Microsoft hasconfirmed it’s aiming for an October 6 release for Windows 2000. But sources who have been briefed say that although all the features will be included, some -- such as Active Directory and Intellimirror -- will lack integral management tools.
A source inside Microsoft said October 6 is a “target date” that is “100% subject to review and change.” He added, “We couldn’t give it a [final ship] date before Beta 3 even ships.” Beta 3 is supposed to ship April 21, but a commercial shipping date for Windows 2000 has been elusive.
Analysts and third-party developers building Windows 2000-related products said Microsoft is leaving out some management tools in order to get the operating system out the door.
“It’s becoming painfully obvious that Windows 2000 will not ship intact,” said Steve Kleynhans, an analyst at Meta Group Inc. in Toronto. “The reality is, if Microsoft finds that some of those features are going to delay the release, they start machete programming.”
Some users said that after waiting three years for Windows 2000, they would rather wait a little longer and get those extra tools.
Microsoft “should wait until a lot of those things are ready,” said Brian Moses, assistant vice president of Lombard Canada Inc., a US$500 million insurance company in Toronto. “Frankly, it would be best to wait until those things are ready rather than getting a service pack.”
Moses said that by October, he will be focused on being prepared for year 2000 issues and won’t be in any position to deploy Windows 2000.
Brian McGuire, vice president of Econometrics Inc., a database marketing firm in Chicago, said he would rather wait. “I think they’re trying to beat the date so people don’t slam them for being late all the time,” he said. “As far as delaying tools, what’s the point of releasing it if I’m not go-ing to have everything they promised?”
Karan Khanna, a Microsoft product manager, said users will be able to deploy every feature in Windows 2000 when it ships. “Windows 2000 Beta 3 will be pretty much feature-complete,” he said. “You’ll have Intellimirror and Active Directory.”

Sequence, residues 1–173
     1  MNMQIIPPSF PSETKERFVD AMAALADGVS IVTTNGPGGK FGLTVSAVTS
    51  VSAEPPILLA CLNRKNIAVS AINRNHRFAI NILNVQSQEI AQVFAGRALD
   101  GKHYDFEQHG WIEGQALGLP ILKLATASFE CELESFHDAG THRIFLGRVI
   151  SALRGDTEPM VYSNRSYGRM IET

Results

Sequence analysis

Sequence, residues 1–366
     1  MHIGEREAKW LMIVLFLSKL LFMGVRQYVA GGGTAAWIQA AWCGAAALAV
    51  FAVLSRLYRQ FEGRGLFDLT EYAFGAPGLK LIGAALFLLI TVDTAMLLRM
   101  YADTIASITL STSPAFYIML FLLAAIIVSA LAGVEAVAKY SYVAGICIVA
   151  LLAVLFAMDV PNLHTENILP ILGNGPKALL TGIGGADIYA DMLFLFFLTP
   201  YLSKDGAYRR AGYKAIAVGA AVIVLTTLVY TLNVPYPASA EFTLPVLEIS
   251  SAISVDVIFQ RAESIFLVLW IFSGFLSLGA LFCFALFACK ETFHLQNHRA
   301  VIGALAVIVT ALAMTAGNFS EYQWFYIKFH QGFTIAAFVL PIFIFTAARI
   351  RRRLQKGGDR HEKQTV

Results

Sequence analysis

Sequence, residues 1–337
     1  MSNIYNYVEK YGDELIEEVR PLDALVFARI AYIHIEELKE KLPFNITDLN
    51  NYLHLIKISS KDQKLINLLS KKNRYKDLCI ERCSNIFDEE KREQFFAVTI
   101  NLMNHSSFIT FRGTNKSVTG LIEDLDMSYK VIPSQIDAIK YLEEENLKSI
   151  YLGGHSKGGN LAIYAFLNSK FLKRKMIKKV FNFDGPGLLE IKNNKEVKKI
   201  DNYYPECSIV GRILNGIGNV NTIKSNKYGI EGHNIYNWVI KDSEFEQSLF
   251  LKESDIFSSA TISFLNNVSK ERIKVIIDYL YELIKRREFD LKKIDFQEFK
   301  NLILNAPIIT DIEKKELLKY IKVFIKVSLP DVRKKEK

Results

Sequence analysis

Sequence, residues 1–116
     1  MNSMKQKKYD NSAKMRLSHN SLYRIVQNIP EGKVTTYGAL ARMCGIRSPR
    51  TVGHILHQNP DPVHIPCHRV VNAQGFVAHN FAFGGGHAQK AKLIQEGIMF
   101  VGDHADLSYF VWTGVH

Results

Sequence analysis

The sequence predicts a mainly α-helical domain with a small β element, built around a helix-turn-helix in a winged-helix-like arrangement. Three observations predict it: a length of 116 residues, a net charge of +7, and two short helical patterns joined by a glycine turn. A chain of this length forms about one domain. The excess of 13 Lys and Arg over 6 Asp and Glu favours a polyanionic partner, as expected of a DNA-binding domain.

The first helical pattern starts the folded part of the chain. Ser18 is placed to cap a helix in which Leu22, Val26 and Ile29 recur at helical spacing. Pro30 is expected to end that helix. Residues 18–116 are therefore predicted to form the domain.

Active Directory is a Yellow Pages-like listing of files, users, servers and devices. It was designed to help informa-tion technology administrators keep track of and manage Windows 2000 servers and desktops. Intellimirror is a new desktop management feature. Windows 2000 is also slated to include beefed-up security capabilities.
But Kleynhans and two third-party developers who have been briefed by Microsoft said the features will be available, but tools within them will be missing.
“Their ‘Move Tree’ tool in Active Directory only handles moving users from one location to another, but it doesn’t handle moving organizational units or the contents of one domain to another,” said one third-party developer.
Kleynhans said the missing Active Directory management tools would give IT administrators fine-grained control over their network directory and domains. “Administrators will be able to add users, add systems and manage the directory at a certain level, but to prune or merge directories -- some of the things you don’t do every day but the really big tasks -- those tools will be a little sparse,” he said.